I just upgraded to the latest security update of 10.8 last night, told it not to reboot (clicked "later"). After declining to reboot, immediately shut down (not rebooted) Macbook Pro for the night and went to sleep.
This morning, I turned the computer on. After logging in, I have a couple minutes (or less) and then the computer irretrievably freezes. I tried multiple times, same deal. Booted up without loading the previous windows. Still freeze. Stopped all auto-start programs, still freeze.
Repaired disk and partition. Plenty of time, no freeze in the recovery mode.
However, after logging back into my regular account, the freeze issue persisted.
Logged into my wife's account - no freeze issue. OK, so maybe just my account. So I went to System Preferences, hit the unlock button and escalated privileges with my main user/pass and created a new account. However, maybe 30 seconds later, the computer froze irretrievably again. Mouse and keyboard do not respond. Typical animations on the screen have frozen, so it's not just the input devices.
Forced a power off and then booted into the brand new account. Thirty minutes in, still no freeze! This is great, except I had the other account all the way I wanted to and would rather just figure out and fix whatever's freezing up.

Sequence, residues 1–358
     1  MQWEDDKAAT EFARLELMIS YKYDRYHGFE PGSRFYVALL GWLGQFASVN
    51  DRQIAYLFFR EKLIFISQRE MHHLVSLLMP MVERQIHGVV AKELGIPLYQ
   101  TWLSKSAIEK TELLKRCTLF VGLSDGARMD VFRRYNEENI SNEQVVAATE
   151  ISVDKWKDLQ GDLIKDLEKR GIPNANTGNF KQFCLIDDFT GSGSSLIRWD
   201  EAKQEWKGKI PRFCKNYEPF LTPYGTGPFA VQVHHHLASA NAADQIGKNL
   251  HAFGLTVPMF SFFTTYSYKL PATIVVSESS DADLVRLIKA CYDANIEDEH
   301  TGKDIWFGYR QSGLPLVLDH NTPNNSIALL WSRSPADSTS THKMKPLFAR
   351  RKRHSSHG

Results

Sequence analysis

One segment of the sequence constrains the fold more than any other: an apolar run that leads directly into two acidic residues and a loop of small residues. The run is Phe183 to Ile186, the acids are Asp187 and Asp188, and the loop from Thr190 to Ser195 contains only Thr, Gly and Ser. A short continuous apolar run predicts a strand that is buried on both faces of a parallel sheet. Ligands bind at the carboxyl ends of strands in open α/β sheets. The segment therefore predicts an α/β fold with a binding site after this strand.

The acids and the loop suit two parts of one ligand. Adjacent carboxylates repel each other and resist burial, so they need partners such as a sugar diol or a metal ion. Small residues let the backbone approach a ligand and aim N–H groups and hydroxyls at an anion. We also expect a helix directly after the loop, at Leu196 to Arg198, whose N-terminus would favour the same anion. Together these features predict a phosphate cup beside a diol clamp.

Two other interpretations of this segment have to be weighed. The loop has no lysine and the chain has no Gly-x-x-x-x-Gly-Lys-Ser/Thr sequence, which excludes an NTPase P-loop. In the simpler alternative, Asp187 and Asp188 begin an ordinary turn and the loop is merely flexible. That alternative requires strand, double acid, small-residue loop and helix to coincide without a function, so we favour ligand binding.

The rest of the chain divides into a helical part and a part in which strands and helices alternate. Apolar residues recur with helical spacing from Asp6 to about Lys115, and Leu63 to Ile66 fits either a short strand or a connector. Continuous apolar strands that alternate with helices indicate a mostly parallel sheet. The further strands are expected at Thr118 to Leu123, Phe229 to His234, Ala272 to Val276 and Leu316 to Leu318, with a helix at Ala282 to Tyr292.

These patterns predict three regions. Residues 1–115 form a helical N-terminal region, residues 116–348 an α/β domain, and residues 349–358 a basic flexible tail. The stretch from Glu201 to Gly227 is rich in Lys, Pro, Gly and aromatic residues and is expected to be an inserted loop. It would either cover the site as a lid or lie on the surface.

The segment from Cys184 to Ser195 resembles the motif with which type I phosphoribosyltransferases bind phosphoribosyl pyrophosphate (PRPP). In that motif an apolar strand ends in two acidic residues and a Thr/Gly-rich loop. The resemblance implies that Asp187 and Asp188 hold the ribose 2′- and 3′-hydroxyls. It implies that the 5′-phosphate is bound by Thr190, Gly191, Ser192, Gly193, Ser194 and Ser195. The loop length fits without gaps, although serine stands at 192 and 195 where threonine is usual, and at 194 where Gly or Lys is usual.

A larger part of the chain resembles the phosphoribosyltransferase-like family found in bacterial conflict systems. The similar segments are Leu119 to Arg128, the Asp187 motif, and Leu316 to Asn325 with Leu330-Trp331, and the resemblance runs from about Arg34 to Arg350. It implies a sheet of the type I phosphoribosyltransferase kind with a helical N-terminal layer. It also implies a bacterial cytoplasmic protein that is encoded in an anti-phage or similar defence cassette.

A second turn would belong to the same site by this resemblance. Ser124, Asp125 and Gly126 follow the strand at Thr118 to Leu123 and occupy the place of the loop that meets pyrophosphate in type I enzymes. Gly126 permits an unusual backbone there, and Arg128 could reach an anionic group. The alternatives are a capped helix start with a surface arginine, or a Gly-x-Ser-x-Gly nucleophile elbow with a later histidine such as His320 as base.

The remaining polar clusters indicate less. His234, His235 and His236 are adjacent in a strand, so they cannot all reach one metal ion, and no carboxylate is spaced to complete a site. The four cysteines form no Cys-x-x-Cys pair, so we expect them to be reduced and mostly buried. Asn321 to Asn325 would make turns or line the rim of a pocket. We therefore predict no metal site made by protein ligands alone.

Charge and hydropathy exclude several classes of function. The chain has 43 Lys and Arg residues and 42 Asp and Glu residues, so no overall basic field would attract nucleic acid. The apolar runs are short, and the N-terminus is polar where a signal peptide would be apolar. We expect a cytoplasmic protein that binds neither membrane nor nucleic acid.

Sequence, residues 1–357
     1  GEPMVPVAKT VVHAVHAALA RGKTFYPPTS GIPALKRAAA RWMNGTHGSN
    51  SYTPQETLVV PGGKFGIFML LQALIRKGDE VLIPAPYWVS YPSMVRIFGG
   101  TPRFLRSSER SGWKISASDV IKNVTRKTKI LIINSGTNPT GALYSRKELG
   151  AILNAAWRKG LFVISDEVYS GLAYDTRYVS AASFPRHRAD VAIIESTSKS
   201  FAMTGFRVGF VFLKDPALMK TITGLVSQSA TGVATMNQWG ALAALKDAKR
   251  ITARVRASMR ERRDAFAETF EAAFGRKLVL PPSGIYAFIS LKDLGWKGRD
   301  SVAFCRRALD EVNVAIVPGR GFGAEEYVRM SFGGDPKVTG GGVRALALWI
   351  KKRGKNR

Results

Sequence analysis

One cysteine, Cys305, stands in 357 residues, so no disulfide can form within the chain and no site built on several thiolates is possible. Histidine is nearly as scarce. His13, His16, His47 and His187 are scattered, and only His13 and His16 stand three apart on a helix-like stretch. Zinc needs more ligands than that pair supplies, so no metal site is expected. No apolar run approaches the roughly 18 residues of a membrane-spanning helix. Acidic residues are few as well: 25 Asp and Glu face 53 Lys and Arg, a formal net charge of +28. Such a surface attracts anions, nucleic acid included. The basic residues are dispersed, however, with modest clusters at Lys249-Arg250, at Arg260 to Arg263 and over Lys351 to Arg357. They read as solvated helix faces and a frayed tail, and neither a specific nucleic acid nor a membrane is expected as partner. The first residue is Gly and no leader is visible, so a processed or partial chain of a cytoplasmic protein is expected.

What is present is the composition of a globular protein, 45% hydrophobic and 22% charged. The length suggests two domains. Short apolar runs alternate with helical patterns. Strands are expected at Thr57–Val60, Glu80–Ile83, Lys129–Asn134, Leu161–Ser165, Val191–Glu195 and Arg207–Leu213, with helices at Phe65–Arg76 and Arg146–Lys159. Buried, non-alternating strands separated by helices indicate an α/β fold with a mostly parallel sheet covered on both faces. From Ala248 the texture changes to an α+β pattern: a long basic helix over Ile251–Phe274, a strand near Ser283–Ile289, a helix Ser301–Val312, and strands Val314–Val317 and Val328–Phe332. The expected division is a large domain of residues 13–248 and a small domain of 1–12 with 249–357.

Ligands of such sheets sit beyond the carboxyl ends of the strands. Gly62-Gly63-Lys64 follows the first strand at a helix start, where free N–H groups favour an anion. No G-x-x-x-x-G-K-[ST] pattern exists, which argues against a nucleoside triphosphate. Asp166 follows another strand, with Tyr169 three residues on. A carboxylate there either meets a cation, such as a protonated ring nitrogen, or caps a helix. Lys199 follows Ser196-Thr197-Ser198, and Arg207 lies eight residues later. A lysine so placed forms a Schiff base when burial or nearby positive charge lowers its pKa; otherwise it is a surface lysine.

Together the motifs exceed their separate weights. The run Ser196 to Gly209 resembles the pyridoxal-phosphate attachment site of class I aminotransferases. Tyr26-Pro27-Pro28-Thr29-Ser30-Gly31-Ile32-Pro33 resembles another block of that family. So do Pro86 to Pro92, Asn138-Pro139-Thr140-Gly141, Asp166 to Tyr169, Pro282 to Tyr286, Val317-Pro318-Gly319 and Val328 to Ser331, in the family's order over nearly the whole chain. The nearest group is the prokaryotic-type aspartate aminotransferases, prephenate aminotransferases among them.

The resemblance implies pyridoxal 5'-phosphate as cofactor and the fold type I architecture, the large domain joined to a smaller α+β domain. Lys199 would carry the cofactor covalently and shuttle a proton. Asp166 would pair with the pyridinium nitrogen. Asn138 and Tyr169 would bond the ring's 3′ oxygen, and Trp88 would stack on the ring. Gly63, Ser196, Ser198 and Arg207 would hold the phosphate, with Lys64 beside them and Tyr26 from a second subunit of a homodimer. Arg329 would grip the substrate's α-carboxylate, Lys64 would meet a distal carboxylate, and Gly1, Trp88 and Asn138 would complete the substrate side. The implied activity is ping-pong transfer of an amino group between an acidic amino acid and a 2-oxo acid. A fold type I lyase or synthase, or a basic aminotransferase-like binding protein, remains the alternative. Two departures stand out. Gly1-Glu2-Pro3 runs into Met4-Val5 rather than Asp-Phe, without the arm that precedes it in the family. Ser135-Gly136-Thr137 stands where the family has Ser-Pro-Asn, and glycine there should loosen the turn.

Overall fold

How might I do this? I can't find reports of mass problems with the latest security update online. I'm guessing it's a confluence of something in my config plus the latest update. How should I go about diagnosing?
For right now, going to Apple Store is not going to happen (for a variety of reasons, chief among them time, distance, and general daintiness of my poor old and decrepit laptop!).
Try booting into the Safe Mode using your normal account. Disconnect all peripherals except those needed for the test. Shut down the computer and then power it back up. Immediately after hearing the startup chime, hold down the shift key and continue to hold it until the gray Apple icon and a progress bar appear. The boot up is significantly slower than normal. This will reset some caches, forces a directory check, and disables all startup and login items, among other things. When you reboot normally, the initial reboot may be slower than normal. If the system operates normally, there may be 3rd party applications which are causing a problem. Try deleting/disabling the third party applications after a restart by using the application uninstaller. For each disable/delete, you will need to restart if you don't do them all at once.